The Santa Barbara-based Community Environmental Council has joined the UC Cooperative Extension of Ventura County and the Ventura County Agricultural Commissioner’s Office in the release of a report called “Cultivating Resilience in Ventura County: Protecting Against Agricultural Vulnerabilities and Bouncing Forward After Disaster.”
The county grows more than 30 multimillion dollar crops, predominantly on farms less than 50 acres. Challenges are related to water supply, labor costs, development pressures and new land-use policies, according to a news release from the CEC.
To understand further, the CEC conducted interviews from 15 farms, ranches and other stakeholder organizations.
“We see an urgent and immense opportunity to align strategies for Ventura’s disaster resilience with those that help agriculture both mitigate and adapt to climate change,” said Sigrid Wright, the environmental council’s CEO. “Preparing and responding to disasters will require planning, new and unusual partnerships, additional resources, and a detailed understanding of how disasters play off and compound each other.”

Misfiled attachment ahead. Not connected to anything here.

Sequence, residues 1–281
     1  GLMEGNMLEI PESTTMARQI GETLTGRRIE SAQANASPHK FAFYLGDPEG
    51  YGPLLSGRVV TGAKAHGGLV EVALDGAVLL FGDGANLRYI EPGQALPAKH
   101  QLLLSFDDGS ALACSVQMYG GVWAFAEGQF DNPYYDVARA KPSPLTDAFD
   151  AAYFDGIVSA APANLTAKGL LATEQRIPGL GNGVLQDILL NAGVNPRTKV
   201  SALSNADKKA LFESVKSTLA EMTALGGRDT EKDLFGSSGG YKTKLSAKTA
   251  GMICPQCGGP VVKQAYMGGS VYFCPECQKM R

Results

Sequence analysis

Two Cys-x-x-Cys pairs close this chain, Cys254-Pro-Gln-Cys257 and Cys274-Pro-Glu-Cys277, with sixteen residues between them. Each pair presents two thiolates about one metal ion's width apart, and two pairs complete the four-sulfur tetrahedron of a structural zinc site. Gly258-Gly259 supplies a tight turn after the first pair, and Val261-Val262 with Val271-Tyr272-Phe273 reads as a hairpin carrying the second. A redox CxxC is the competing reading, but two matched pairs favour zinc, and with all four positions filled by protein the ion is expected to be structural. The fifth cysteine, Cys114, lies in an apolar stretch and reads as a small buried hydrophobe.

According to the CEC, climate threats can vary from saltwater intrusion to groundwater aquifers, increased wildfire and smoke impacting crops and workers’ health, flood and mudslide threats from increasingly intense downpours, and reduced snowpack, which limits access to surface and groundwater supply.
The CEC invites comments at cec.pub/VenturaQuestionnaire.
Further meetings about the agricultural challenges are set to take place 2021-22 in Ventura County. To see a summary of the report or its complete text, visit cec.pub/VenturaAgResilience.
— Dave Mason